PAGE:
So, during this time of shelter in place in the days of Covid-19, we are now half way through our 4th month of not going anywhere and seeing very, very few people (occasionally we see our Austin son and his fiancée at a proper 6 foot distancing measure). It always gives my heart a lift to just see his face and spend time in his presence. Despite our hearts pining for friendships from times past, and a hug here or there, we have managed to fill our days with home projects, gardening, planting and purging of things we no longer use. The key to successful confinement is changing up the routine from day to day. Keep busy and keep it interesting.
This has been an experience unlike any we have ever had before. We have unlimited time to do anything we want, within the confines of our home and our small urban lot. At first it was almost daunting, trying to figure out how to live life hidden away from the rest of the world. Despite living near a big city, we are as isolated as Laura Ingles Wilder ever was, and probably more so, because she at least could talk to their neighbors and mingle with the townsfolk and go to school. Even in the days of TB sanitariums, the patients at least had different nurses and Drs and could have occasional visitors, so, this isolation has had its challenges. However, once we got into the rhythm of our new life we began to explore the world through books, internet, documentaries and movies.
In many ways, it has a actually been a very freeing experience.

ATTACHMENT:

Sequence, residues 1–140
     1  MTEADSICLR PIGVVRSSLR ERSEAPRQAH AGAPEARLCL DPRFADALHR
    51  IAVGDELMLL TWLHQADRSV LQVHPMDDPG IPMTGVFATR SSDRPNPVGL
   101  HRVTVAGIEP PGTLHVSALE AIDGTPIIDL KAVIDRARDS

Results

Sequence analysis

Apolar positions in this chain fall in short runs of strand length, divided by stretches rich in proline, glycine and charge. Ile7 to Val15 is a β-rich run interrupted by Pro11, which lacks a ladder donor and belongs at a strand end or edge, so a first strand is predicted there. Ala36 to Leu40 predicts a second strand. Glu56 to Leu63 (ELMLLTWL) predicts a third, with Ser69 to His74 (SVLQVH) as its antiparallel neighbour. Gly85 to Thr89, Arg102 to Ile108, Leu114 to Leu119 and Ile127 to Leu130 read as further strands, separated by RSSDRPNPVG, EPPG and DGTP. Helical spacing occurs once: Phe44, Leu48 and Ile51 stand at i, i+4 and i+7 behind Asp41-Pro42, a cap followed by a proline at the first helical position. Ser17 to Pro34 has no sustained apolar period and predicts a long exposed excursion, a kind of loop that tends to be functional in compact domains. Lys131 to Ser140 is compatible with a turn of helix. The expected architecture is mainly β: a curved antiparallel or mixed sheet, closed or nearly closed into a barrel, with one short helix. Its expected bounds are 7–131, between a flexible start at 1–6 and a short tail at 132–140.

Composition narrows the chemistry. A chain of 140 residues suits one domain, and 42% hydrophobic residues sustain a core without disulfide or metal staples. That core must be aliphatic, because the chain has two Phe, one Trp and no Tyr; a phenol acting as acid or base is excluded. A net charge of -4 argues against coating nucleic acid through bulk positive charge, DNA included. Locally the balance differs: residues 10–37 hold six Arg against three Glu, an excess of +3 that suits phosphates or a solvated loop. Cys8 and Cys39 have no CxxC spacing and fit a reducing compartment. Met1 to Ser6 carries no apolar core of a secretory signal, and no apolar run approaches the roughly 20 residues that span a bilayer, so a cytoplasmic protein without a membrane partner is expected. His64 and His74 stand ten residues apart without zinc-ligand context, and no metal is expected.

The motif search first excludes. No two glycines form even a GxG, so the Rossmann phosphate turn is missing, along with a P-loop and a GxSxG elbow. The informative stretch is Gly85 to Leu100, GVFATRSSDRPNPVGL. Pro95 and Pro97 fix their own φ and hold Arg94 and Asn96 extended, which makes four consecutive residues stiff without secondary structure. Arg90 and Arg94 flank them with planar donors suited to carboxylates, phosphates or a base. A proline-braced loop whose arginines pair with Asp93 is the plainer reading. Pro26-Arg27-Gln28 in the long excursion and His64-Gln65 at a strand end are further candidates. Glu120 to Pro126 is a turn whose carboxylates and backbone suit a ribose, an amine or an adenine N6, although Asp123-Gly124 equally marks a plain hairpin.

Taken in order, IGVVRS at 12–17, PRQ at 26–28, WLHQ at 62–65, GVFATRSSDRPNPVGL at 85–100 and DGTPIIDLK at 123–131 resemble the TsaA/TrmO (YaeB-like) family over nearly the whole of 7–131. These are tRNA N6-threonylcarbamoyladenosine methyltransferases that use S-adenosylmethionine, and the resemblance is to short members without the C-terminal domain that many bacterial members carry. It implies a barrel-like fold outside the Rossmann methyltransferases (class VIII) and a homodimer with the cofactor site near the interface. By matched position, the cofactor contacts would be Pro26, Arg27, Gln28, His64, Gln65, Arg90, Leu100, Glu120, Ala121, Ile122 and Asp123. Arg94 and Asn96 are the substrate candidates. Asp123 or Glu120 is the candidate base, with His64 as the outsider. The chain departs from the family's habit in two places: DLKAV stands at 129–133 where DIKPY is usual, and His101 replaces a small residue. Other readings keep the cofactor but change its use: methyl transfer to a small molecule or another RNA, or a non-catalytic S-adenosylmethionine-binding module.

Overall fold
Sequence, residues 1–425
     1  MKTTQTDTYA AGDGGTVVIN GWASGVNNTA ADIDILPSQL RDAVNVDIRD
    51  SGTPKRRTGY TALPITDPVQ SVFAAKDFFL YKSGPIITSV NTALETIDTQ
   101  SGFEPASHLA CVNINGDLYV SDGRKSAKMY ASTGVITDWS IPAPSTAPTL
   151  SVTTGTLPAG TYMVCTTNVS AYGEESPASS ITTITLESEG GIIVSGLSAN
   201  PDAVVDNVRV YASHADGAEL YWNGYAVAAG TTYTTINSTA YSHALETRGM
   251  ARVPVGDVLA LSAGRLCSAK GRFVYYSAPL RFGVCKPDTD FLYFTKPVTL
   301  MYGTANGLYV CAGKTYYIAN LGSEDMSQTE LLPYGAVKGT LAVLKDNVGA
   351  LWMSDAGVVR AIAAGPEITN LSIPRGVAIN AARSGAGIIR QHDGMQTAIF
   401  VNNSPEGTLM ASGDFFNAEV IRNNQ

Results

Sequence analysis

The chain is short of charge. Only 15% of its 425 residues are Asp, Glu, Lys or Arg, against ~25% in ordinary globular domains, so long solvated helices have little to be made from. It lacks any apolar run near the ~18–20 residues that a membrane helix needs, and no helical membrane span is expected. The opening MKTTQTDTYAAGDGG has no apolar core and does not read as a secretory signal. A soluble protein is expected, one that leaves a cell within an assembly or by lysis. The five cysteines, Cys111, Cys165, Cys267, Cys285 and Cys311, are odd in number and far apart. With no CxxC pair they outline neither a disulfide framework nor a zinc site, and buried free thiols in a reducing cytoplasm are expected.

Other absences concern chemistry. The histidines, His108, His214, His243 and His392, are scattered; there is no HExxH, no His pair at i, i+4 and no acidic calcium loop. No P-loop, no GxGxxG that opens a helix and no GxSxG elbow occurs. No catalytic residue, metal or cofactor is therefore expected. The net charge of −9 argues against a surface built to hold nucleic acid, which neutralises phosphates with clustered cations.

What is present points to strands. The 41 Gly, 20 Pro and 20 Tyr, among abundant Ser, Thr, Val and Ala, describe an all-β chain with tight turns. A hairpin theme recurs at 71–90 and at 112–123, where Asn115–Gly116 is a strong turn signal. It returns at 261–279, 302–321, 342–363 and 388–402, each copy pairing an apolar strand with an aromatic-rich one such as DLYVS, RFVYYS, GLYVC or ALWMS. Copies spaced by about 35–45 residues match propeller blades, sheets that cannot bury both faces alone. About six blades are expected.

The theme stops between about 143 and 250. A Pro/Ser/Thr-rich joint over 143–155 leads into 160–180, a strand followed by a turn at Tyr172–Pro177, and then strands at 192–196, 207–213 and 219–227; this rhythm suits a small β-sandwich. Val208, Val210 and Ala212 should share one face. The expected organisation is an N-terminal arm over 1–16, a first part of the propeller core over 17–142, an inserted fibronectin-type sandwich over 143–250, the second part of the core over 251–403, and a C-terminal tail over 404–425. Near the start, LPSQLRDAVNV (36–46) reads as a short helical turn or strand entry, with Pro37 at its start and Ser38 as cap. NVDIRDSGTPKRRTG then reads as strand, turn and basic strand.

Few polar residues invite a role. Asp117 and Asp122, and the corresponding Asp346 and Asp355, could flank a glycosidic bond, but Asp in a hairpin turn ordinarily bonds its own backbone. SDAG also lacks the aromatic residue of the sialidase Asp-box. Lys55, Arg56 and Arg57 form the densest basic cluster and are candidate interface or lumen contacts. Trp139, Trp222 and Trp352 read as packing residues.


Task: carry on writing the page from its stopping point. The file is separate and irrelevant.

We are free to go to bed when we like, get up when we want, eat when and what we want, dress how we want, (or not) and shower as much or as little as our partner encourages! HaHa!
I have thoroughly enjoyed watching a number of documentaries and this most recent one about the life of Tasha Tudor was especially fun. She was an illustrator and an author of world wide reknown. She was born into a wealthy family, but even in her childhood, as well as on into her adulthood, she lived in unusual circumstances. She eventually grew up, married and had children.
In her adult life she chose to live an existence that replicated a time gone by, about a century precious to the one she was born into. She was purposely without modern conveniences, and spent time making her own clothes from the wool of sheep she kept on her farm.
The documentary on Amazon Prime “Take Joy” The Magical world of Tasha Tudor’ is an enjoyable experience where the visuals are filled with scenes of time gone by. Following, are some photos from her website for you to enjoy. Imagine living there…in this time and this place! The movie is not long (about 45 minutes) so after the movie I wanted to know more about her and began to search on the internet. To say she was eccentric would be an understatement, but she is also delightful to watch and listen to. You almost forget which century is being filmed as you watch the movie.
Anyway, enjoy these photos from Corgi Cottage in Vermont. I am just SO sorry I did not know about her and her farm when we went to see the Von Trapp Lodge which is also in Vermont. However these photos give us a little taste! If you are ever going to go to Vermont, give them a call and reserve tickets for a garden tour! It will be like a step back in time!
When you go in search of Tasha Tudor, you will recognize many of her illustrations in books from your children’s and your own growing up years.